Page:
Euromoney, December 2017
India’s biggest fintech has doubled its user base in a year and is on track to have 500 million customers by 2020. It is backed by Ant Financial and Softbank and spurred by state policy on financial inclusion. How far can Paytm go?
It is a year since Indian prime minister Narendra Modi turned his country’s transactional finances upside down with his demonetization programme. The dust has now settled.
People will argue for years about the pros and cons of what he did, but there is near universal agreement on the company that did best out of the whole thing. Paytm was already big news before Modi’s demonetization shock last November 8, when he withdrew all the Rp500 and Rp1,000 banknotes from circulation to curb corruption and the black economy, he said, apparently without warning anyone in the banking sector that he was about to do so.
The rags-to-riches story of Paytm’s founder, Vijay Shekhar Sharma, who not so long ago would walk 20 kilometres across Delhi because if he paid for an auto-rickshaw he would not have enough money for dinner, and who was flat broke as recently as 2003, was by then already well-rehearsed in Indian media.
The journey of his company from a prepaid mobile webcharge website in 2010 to an Alibaba and Ant Financial-funded juggernaut that is the largest mobile payment service platform in India was well underway.
But demonetization gave the company an almighty lift. Modi’s move completely pole axed India’s cash transaction economy and forced people, and in particular the small merchants who are legion in the country, to look at alternatives.
The Paytm wallet was the simplest answer and people flocked to it. It went from 125 million wallet customers before demonetization to 185 million three months later, and it has continued to grow, hitting 280 million users by November 2017.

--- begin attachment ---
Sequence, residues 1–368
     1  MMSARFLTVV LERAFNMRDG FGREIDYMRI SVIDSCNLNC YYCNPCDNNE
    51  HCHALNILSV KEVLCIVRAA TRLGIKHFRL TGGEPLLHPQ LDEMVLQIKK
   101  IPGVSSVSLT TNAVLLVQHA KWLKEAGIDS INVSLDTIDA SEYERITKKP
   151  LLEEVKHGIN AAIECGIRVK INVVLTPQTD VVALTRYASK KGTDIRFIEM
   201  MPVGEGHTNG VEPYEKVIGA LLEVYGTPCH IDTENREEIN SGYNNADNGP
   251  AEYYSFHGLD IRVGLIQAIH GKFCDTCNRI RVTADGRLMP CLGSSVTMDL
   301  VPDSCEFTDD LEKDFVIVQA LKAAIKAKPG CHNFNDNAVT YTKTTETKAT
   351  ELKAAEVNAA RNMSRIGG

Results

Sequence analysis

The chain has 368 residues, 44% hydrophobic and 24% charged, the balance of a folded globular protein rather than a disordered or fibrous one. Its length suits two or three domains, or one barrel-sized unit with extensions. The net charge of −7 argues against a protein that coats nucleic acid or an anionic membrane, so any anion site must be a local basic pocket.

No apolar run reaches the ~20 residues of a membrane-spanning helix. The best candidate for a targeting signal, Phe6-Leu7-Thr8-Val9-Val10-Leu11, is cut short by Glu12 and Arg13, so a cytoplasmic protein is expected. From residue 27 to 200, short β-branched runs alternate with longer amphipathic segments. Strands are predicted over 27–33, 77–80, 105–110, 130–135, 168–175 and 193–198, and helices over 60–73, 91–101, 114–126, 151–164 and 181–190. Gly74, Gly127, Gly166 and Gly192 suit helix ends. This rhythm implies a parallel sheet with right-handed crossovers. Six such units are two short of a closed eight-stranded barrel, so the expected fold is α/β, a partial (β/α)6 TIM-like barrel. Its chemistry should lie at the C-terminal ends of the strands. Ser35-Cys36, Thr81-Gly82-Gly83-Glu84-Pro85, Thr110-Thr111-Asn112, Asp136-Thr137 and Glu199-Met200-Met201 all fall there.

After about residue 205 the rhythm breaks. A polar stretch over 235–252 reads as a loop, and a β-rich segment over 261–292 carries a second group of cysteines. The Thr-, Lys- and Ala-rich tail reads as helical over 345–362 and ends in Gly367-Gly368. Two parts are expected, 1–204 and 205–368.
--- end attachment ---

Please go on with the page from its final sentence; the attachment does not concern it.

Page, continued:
Sharma and his staff saw an opportunity and put everything they had into it; Sharma has said that he and his staff did 600 days’ worth of work in 60. They ran full-page ads the following day praising Modi for “taking the boldest decision in the financial history of independent India,” a stunt that was not without its critics. Opposition politician Rahul Gandhi suggested Paytm stood for “Pay to Modi” (it is actually Payment through mobile).
Sharma’s catch-phrase is ‘Go big or go home’ – it is on his office wall, on his coffee mugs, all over his interviews – and he certainly ran big on demonetization.
Looking back on it now in New Delhi, Paytm’s CFO Madhur Deora, who joined from Citi a month before demonetization, is keen to point out that the company was already very much on its way before Modi’s unexpected bounty came along.
“We were doing payment solutions for offline merchants since October 2015,” he explains, making it the only company outside the card networks that was doing so in India at the time. “So when demonetization happened, we had the product and the sales infrastructure already. It took a lot of effort to scale up, but the foundations were already there.
“Clearly, it made the adoption for a lot of users a lot faster,” he says. “It went from being one of the options to be being a necessity of the hour, and our brand become a lot bigger.”
Signing up merchants at a cracking pace (in October COO Kiran Vasireddy said Paytm had gained five million merchants with QR code acceptance in a year and that the company processed $1.6 billion of transactions during the recent Diwali month, up three-and-a-half times year on year), the company learned a great deal about merchant and consumer behaviour and the power of the offline merchant network.
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